Fifty years ago today—on November 22, 1963—President John F. Kennedy was murdered while riding in an open-air motorcade in Dallas.
Moments after he was shot, First Lady Jackie Kennedy climbed atop the back of the car in what has now become an iconic photograph. According to several witnesses, she did so in order to recover pieces of her husband’s skull, which had been blown onto the trunk. “They have killed my husband,” she said. “I have his brains in my hand.”
Less than five years later, civil rights leader Martin Luther King was assassinated.
Two months later, Robert Kennedy was killed after winning California’s 1968 Democratic presidential primary.
In 1972, Democratic presidential candidate and Alabama Governor George Wallace was paralyzed by a would-be assassin’s bullet.
In September 1975, two women tried to assassinate President Gerald Ford on two separate occasions.
In 1978, a gunman murdered San Francisco Mayor George Moscone and City Supervisor Harvey Milk.
In March 1981, John Hinckley, Jr. came perilously close to murdering President Ronald Reagan.
In January 2011, Arizona Congresswoman Gabrielle Giffords fought for her life after being shot in the head at a Tucson “meet the candidate” event.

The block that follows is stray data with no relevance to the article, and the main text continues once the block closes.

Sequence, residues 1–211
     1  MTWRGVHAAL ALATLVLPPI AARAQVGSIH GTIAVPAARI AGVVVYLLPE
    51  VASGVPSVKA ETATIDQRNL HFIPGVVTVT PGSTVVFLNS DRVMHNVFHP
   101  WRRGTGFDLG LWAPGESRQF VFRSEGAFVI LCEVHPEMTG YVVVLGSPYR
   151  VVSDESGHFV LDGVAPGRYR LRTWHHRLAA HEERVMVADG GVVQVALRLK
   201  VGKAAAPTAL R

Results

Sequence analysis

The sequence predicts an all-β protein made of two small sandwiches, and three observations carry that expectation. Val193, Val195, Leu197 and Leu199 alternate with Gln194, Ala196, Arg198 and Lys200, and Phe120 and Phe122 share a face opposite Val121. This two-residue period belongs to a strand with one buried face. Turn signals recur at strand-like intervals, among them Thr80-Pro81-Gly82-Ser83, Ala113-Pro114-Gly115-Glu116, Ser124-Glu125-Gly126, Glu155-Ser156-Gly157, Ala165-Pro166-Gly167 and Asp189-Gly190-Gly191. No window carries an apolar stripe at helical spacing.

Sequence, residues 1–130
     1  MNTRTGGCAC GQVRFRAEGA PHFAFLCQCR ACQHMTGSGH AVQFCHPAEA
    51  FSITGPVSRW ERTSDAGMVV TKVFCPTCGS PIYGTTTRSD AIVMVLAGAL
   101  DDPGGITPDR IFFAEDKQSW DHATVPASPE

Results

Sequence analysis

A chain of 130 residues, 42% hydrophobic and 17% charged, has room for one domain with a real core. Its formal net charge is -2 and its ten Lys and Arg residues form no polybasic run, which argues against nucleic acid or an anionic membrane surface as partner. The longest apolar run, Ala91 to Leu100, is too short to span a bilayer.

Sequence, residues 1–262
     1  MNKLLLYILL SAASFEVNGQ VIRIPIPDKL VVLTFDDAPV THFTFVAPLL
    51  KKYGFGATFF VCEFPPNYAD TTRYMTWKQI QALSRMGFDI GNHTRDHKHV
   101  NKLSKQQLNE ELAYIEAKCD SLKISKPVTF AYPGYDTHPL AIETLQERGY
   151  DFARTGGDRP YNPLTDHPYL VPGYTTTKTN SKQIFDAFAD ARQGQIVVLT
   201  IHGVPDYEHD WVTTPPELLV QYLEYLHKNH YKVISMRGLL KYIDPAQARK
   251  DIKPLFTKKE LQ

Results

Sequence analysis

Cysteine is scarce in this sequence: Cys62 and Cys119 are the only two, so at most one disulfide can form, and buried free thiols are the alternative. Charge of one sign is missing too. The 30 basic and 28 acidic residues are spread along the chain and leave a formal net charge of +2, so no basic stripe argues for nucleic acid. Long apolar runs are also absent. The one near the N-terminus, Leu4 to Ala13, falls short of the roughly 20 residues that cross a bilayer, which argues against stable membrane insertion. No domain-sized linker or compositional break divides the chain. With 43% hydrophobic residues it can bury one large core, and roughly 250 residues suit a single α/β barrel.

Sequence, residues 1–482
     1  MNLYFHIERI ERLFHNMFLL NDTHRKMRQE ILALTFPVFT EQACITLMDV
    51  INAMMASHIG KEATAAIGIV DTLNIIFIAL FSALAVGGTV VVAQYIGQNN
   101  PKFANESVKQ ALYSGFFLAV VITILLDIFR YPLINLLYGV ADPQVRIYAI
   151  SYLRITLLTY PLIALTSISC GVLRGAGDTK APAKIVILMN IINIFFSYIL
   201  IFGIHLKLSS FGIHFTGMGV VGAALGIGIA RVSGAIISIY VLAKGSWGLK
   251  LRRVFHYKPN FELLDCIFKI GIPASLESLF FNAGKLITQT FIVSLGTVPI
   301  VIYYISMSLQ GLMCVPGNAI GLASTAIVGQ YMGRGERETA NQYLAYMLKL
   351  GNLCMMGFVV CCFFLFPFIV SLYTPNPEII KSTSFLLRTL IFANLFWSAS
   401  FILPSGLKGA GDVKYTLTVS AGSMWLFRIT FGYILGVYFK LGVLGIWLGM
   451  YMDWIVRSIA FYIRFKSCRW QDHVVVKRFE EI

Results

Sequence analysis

We live in a nation with a bloody history of violence against political figures. Before Kennedy, Presidents Abraham Lincoln, James A. Garfield, and William McKinley were also murdered while serving in office.
So on this 50th anniversary of John F. Kennedy’s death, I’d like to make a plea to politicians, pundits, and other fellow citizens to forever swear off any use of violent words or images against their political rivals. As an example, you may remember that Sarah Palin was embroiled in controversy for having sent out this “crosshairs” flier months before the Giffords shooting, which mentioned her by name and placed crosshairs over her district.
To be clear, there is no evidence linking this flier and the shooting. Sarah Palin was not to blame. I offer it only as an example of violent imagery.
But given America’s violent history, similarly violent words and images should be shunned — not solely because they can inspire violence, but also because they show an utter disrespect and disregard for those who have served in a public position and paid the ultimate price for having done so.
The next time you see politicians or partisans using violent images or words, think of 34-year-old Jackie Kennedy crawling on top of that vehicle in Dallas to gather pieces of her husband’s brain. Then, use your voice to condemn them for their historical ignorance and stunning insensitivity.
Do you have an opinion about this topic? Please leave your thoughts in the comments section below.